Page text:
Much of the academic literature on rural change has focused either on the de-population of rural areas, or, particularly since the 1990s, on the opposite trend of ‘counter-urbanisation’ (Champion; Mitchell; Sant and Simons). The concept of counter-urbanisation, an umbrella term with many local variations, usually implies a relatively wealthy middle-class group withdrawing from urban settings to pursue a different lifestyle in a rural location. Much of this could also be described as rural gentrification, whether in Britain (Fielding; Milbourne, Revealing; Paquette and Domon) or Australia ( Burnley and Murphy; Costello). In Australia, however, this concept tends to refer to permanent long-distance moves, usually described as ‘sea-change’, whereas in Britain it also incorporates commuting from urban peripheries. All of this literature is centred on assumptions of an urban-rural dichotomy, and therefore of class transformations in rural and regional areas. Milbourne calls for ‘researchers of rural population change to engage more critically with discourses of mobilities, which involves them paying greater attention to the inter-connected empirical realities, representations and everyday practices of mobilities’ (Milbourne, Revealing 382). While our research continues to focus ‘on uni-directional flows of people to rural areas’ (Milbourne, ‘Re-populating’ 384) it adds dimensions to counter-urbanisation in seeing this as also an institutional strategy, involving centralised and localised place marketing strategies rather than simply a collection of individual decisions. And it is a strategy that is not solely directed at middle-class migrants promoting lifestyle, but targets ‘housing stressed’ people who may be prepared to vacate the expensive capital cities for a rural location (Bailey, ‘Interview’).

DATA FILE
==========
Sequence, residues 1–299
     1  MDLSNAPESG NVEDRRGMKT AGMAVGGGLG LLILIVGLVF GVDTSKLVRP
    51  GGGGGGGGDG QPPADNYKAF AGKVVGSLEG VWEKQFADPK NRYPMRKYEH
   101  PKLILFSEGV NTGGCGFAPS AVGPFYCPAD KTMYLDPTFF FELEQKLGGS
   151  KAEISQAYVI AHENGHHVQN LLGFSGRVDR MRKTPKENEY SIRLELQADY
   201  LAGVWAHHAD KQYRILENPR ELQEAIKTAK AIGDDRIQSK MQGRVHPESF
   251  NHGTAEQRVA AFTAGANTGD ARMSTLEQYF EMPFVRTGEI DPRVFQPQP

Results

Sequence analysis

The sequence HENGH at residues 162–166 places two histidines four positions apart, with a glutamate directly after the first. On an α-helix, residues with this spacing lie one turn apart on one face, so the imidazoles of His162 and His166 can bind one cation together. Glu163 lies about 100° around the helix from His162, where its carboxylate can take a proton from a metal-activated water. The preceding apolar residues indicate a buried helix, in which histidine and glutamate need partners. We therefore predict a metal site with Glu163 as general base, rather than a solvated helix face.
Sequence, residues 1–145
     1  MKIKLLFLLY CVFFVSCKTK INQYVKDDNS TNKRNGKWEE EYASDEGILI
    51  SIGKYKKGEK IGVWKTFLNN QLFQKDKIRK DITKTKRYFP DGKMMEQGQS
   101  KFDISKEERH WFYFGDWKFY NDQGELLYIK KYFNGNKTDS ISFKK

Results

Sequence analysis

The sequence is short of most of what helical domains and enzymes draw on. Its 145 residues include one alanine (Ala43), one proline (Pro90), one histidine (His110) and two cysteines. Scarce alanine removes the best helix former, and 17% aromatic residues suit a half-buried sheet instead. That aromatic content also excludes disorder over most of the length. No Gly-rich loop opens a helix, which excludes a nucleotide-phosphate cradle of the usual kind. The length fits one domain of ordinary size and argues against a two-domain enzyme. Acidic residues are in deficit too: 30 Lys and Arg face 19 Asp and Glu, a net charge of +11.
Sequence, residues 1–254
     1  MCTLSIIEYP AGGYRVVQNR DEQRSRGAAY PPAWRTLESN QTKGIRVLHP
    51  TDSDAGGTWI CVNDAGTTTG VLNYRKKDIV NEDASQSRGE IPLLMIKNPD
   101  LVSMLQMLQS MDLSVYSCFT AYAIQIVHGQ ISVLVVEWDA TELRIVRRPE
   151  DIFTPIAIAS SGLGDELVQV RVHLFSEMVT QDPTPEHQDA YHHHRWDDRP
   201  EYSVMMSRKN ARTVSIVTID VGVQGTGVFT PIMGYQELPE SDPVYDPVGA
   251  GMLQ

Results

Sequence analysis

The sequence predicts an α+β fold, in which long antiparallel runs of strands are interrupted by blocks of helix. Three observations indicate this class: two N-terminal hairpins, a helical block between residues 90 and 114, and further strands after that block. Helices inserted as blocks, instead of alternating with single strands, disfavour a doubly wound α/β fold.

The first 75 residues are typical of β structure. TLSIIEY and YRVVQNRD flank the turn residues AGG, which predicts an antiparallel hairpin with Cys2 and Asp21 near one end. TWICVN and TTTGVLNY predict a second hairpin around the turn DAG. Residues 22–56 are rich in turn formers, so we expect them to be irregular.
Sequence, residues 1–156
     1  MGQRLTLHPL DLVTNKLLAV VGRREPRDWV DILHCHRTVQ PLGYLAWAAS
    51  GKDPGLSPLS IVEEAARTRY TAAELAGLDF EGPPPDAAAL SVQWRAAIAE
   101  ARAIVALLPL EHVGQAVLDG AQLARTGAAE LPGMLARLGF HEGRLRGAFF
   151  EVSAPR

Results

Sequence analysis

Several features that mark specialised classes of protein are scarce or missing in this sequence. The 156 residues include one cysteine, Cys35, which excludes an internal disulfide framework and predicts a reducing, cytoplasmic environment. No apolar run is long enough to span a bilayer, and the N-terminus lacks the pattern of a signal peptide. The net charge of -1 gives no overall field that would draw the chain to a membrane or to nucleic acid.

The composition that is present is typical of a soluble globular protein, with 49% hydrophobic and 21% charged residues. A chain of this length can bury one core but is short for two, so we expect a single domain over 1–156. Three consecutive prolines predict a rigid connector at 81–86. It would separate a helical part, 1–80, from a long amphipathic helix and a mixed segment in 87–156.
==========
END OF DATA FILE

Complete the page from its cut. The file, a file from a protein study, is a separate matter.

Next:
In Australia, most urban-rural migration has been characterised as ‘sea-change’ or, more recently, its inland version known as ‘tree-change’. Such terms invoke images of mainly retired or semi-retired households moving to pleasant coastal and inland areas for lifestyle reasons, and labelled elsewhere as counter-urbanisation or rural gentrification (Burnley and Murphy; Sant and Simons). The terms are catchy-‘sea-change’ being borrowed by the media-savvy demographer Bernard Salt from ABC’s popular late-1990s drama series SeaChange (which of course had originally borrowed it from Shakespeare’s The Tempest ). The popularity of this trend is reflected in general statistics of people who are contemplating moving from Sydney to rural locations, which according to a Sydney Morning Herald opinion poll ‘found one in five Sydneysiders are thinking of leaving because of high living costs, better job opportunities, or traffic congestion and overcrowding’ (Creagh and Nixon 1). The popularity is also reflected in the emergence of a new magazine, Live the Dream: Sea and Tree Change Australia. Perpetuating the rural-urban dichotomy, a phenomenon that pervades much of the academic and popular literature, the editor’s letter in the first edition of this magazine begins: ‘The city and the bush: it seems there have always been two Australias’ (Turner 2). Following Salt, who identified coastal non-metropolitan centres as the site of a third Australian culture, the magazine defines ‘sea change’ and ‘tree change’ as ‘terms used to describe an Australian ‘lifestyle swap” (‘What is it?’ 4). City life cannot be country life-the dichotomy is perpetuated.